US9365418B2 - Universal hardware platform and toolset for operating and fabricating microfluidic devices - Google Patents

Universal hardware platform and toolset for operating and fabricating microfluidic devices Download PDF

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US9365418B2
US9365418B2 US14/241,975 US201214241975A US9365418B2 US 9365418 B2 US9365418 B2 US 9365418B2 US 201214241975 A US201214241975 A US 201214241975A US 9365418 B2 US9365418 B2 US 9365418B2
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pneumatic
apparatus
gas
chip
environmental
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US20140220173A1 (en
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Carlo Joseph Quinonez
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University of California
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University of California
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    • BPERFORMING OPERATIONS; TRANSPORTING
    • B81MICROSTRUCTURAL TECHNOLOGY
    • B81CPROCESSES OR APPARATUS SPECIALLY ADAPTED FOR THE MANUFACTURE OR TREATMENT OF MICROSTRUCTURAL DEVICES OR SYSTEMS
    • B81C99/00Subject matter not provided for in other groups of this subclass
    • B81C99/0075Manufacture of substrate-free structures
    • B81C99/0085Manufacture of substrate-free structures using moulds and master templates, e.g. for hot-embossing
    • BPERFORMING OPERATIONS; TRANSPORTING
    • B01PHYSICAL OR CHEMICAL PROCESSES OR APPARATUS IN GENERAL
    • B01LCHEMICAL OR PHYSICAL LABORATORY APPARATUS FOR GENERAL USE
    • B01L1/00Enclosures; Chambers
    • B01L1/02Air-pressure chambers; Air-locks therefor
    • B01L1/025Environmental chambers
    • BPERFORMING OPERATIONS; TRANSPORTING
    • B01PHYSICAL OR CHEMICAL PROCESSES OR APPARATUS IN GENERAL
    • B01LCHEMICAL OR PHYSICAL LABORATORY APPARATUS FOR GENERAL USE
    • B01L3/00Containers or dishes for laboratory use, e.g. laboratory glassware; Droppers
    • B01L3/50Containers for the purpose of retaining a material to be analysed, e.g. test tubes
    • B01L3/502Containers for the purpose of retaining a material to be analysed, e.g. test tubes with fluid transport, e.g. in multi-compartment structures
    • B01L3/5027Containers for the purpose of retaining a material to be analysed, e.g. test tubes with fluid transport, e.g. in multi-compartment structures by integrated microfluidic structures, i.e. dimensions of channels and chambers are such that surface tension forces are important, e.g. lab-on-a-chip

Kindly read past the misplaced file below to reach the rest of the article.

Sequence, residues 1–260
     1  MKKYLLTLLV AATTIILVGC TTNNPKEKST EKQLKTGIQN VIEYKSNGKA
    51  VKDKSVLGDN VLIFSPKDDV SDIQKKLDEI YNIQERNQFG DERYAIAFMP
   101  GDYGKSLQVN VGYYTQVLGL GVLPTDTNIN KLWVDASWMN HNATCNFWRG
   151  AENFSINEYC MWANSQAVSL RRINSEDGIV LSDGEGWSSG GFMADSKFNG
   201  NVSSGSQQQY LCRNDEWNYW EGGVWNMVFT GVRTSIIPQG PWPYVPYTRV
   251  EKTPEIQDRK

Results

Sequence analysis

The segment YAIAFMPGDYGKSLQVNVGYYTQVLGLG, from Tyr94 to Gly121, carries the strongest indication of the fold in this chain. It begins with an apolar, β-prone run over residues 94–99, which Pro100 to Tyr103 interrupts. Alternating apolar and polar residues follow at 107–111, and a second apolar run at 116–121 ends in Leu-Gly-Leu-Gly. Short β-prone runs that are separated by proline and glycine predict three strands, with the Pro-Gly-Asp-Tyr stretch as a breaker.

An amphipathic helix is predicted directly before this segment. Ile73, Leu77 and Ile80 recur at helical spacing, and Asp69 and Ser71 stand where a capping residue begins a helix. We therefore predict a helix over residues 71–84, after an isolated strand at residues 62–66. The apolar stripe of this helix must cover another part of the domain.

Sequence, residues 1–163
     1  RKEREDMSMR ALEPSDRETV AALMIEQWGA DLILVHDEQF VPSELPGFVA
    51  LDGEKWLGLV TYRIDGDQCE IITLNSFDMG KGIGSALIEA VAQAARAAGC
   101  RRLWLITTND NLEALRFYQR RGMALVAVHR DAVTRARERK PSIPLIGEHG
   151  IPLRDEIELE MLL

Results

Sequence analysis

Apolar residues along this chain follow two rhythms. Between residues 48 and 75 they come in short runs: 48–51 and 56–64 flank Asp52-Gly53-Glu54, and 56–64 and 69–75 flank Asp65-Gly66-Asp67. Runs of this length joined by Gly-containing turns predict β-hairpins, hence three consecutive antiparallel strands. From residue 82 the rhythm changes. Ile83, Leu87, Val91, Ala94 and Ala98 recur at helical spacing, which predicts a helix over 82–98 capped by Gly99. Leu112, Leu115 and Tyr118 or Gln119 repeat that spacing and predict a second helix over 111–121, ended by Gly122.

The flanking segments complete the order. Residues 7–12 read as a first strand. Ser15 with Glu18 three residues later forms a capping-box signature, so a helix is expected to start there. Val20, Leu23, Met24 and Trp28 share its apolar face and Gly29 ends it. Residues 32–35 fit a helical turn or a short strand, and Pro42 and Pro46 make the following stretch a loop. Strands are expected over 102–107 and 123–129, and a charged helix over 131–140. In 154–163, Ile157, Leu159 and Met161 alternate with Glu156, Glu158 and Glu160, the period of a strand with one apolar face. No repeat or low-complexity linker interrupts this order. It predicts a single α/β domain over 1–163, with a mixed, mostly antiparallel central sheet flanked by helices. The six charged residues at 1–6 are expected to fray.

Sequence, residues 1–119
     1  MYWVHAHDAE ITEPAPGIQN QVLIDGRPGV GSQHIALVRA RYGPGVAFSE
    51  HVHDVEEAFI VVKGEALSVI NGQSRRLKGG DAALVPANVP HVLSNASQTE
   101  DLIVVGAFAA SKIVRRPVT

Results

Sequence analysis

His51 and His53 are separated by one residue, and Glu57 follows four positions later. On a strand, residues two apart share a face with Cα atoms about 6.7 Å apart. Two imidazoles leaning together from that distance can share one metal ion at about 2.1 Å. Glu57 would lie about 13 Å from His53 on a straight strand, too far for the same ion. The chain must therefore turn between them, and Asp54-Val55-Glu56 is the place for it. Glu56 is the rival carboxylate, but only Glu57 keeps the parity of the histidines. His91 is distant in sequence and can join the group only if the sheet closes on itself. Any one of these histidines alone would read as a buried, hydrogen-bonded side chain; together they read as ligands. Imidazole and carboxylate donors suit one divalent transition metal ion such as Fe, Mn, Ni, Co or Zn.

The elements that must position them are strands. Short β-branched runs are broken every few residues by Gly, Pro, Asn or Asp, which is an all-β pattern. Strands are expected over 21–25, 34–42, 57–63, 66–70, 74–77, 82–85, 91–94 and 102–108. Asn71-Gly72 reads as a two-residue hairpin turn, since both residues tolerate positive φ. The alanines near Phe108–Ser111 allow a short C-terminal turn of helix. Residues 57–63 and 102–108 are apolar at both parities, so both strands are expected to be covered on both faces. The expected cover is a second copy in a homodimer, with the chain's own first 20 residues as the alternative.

• B01L3/502707Containers for the purpose of retaining a material to be analysed, e.g. test tubes with fluid transport, e.g. in multi-compartment structures by integrated microfluidic structures, i.e. dimensions of channels and chambers are such that surface tension forces are important, e.g. lab-on-a-chip characterised by the manufacture of the container or its components
    • BPERFORMING OPERATIONS; TRANSPORTING
    • B01PHYSICAL OR CHEMICAL PROCESSES OR APPARATUS IN GENERAL
    • B01LCHEMICAL OR PHYSICAL LABORATORY APPARATUS FOR GENERAL USE
    • B01L3/00Containers or dishes for laboratory use, e.g. laboratory glassware; Droppers
    • B01L3/50Containers for the purpose of retaining a material to be analysed, e.g. test tubes
    • B01L3/502Containers for the purpose of retaining a material to be analysed, e.g. test tubes with fluid transport, e.g. in multi-compartment structures
    • B01L3/5027Containers for the purpose of retaining a material to be analysed, e.g. test tubes with fluid transport, e.g. in multi-compartment structures by integrated microfluidic structures, i.e. dimensions of channels and chambers are such that surface tension forces are important, e.g. lab-on-a-chip
    • B01L3/502715Containers for the purpose of retaining a material to be analysed, e.g. test tubes with fluid transport, e.g. in multi-compartment structures by integrated microfluidic structures, i.e. dimensions of channels and chambers are such that surface tension forces are important, e.g. lab-on-a-chip characterised by interfacing components, e.g. fluidic, electrical, optical or mechanical interfaces
    • BPERFORMING OPERATIONS; TRANSPORTING
    • B29WORKING OF PLASTICS; WORKING OF SUBSTANCES IN A PLASTIC STATE IN GENERAL
    • B29CSHAPING OR JOINING OF PLASTICS; SHAPING OF MATERIAL IN A PLASTIC STATE, NOT OTHERWISE PROVIDED FOR; AFTER-TREATMENT OF THE SHAPED PRODUCTS, e.g. REPAIRING
    • B29C45/00Injection moulding, i.e. forcing the required volume of moulding material through a nozzle into a closed mould; Apparatus therefor
    • B29C45/17Component parts, details or accessories; Auxiliary operations
    • B29C45/1753Cleaning or purging, e.g. of the injection unit
    • BPERFORMING OPERATIONS; TRANSPORTING
    • B29WORKING OF PLASTICS; WORKING OF SUBSTANCES IN A PLASTIC STATE IN GENERAL
    • B29CSHAPING OR JOINING OF PLASTICS; SHAPING OF MATERIAL IN A PLASTIC STATE, NOT OTHERWISE PROVIDED FOR; AFTER-TREATMENT OF THE SHAPED PRODUCTS, e.g. REPAIRING
    • B29C45/00Injection moulding, i.e. forcing the required volume of moulding material through a nozzle into a closed mould; Apparatus therefor
    • B29C45/17Component parts, details or accessories; Auxiliary operations
    • B29C45/26Moulds
    • B29C45/34Moulds having venting means
    • BPERFORMING OPERATIONS; TRANSPORTING
    • B29WORKING OF PLASTICS; WORKING OF SUBSTANCES IN A PLASTIC STATE IN GENERAL